Wednesday, May 25, 2016

Just One Small Planning Decision

I write a lot about intentional teaching, and the importance of setting up activities in a planned and thoughtful way, but there are always those “why didn’t I think of that before” moments.
One of the manipulatives I have in my classroom are “hex boards”. I don’t know what this toy is actually called, but it’s a set of boards that have rows of raised circles along with multi-colored hexagon shaped tiles that fit on top. I assume they were designed for patterning activities. Sometimes the older preschoolers use the boards this way, lining up rows of different colors, or choosing to alternate tiles in a pattern. The younger children usually just fill up the boards in a random way, with the goal being more about filling it up than about selecting colors. Sometimes they try to choose specific colors, but get frustrated digging through all the tiles trying to find just the blue or just the white ones.

Usually I set up the boards on a table with individual containers of tiles, so each child has their own materials. But one of the problems is setting up this activity so each child has enough tiles to fill their board. The boards take up a lot of space, and so do the containers. Now that we’ve reached the point in the year where they children are more comfortable sharing materials, I thought I’d try putting the tiles in a container in the middle of the table.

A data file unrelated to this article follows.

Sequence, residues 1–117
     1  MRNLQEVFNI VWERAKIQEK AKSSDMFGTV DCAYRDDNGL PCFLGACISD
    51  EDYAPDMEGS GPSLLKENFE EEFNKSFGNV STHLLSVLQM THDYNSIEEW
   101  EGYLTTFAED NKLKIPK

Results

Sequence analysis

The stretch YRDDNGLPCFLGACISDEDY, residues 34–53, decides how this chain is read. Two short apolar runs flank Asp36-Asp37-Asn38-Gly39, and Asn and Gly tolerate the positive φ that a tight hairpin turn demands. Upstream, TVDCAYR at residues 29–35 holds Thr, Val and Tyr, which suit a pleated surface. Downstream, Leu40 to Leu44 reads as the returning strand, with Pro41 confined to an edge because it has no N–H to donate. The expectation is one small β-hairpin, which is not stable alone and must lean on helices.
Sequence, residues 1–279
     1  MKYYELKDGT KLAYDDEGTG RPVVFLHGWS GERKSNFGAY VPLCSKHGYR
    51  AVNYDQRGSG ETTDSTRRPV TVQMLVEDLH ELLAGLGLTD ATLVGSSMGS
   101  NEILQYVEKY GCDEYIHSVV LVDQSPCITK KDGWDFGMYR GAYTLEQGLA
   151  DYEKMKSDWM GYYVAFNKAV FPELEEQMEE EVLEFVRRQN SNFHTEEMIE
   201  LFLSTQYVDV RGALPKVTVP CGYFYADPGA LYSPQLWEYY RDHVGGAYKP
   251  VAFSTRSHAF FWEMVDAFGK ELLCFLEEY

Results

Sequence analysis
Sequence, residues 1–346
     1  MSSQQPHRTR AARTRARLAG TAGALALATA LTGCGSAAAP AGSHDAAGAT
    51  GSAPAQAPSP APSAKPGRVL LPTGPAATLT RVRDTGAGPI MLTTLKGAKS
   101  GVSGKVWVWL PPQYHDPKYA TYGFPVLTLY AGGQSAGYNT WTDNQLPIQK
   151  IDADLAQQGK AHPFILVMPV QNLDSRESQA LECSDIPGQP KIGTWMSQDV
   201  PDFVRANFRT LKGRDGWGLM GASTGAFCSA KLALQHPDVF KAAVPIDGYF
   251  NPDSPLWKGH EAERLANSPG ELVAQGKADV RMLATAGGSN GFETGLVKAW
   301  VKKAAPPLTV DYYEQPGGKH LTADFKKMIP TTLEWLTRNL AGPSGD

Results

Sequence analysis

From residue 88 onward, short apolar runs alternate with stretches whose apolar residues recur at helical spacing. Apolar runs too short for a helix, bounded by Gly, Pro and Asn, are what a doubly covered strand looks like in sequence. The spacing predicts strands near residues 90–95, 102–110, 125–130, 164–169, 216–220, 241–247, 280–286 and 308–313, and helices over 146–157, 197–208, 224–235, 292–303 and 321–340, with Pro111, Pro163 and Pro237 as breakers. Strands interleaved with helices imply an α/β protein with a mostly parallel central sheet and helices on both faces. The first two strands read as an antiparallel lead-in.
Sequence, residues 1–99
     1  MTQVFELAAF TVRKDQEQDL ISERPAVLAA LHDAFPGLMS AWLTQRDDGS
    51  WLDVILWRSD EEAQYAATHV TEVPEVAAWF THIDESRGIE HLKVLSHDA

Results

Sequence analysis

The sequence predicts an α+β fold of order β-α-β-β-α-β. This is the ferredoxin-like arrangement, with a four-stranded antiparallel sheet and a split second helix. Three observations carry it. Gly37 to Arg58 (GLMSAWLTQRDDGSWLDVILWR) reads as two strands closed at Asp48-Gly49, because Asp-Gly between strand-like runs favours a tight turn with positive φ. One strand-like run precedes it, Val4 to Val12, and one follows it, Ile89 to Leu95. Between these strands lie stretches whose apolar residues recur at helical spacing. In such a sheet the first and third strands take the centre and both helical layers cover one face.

At first I was going to put them in a shallow basket, but then I noticed a divided container that I usually use for playdough toys or art materials. Seeing the five sections, I wondered what would happen if I sorted the tiles by color.

Of course, their play was immediately more intentional. Some of the children always showed preference for certain colors, but the tasks of simultaneously sorting and arranging were too much. Now that the tiles were neatly arranged into color groups, most of the children could concentrate on choosing the colors they wanted.

At first they each chose a single color and created relatively monochromatic designs.

But as they worked longer, they began to combine different colors. No one made patterns or representational designs, but there was a clear intention in the children’s work, as they chose materials, instead of simply picking up whatever was in reach and randomly putting it down. The arrangement and presentation of the materials matter. One small decision by a teacher to set up the materials in a slightly different way changed how the children were able to use the materials.

Just like many of us would rather choose which pen to write with than randomly reach into a drawer and take the first one we find, children also want – and need – the opportunity to choose, plan, and make decisions about their own work.

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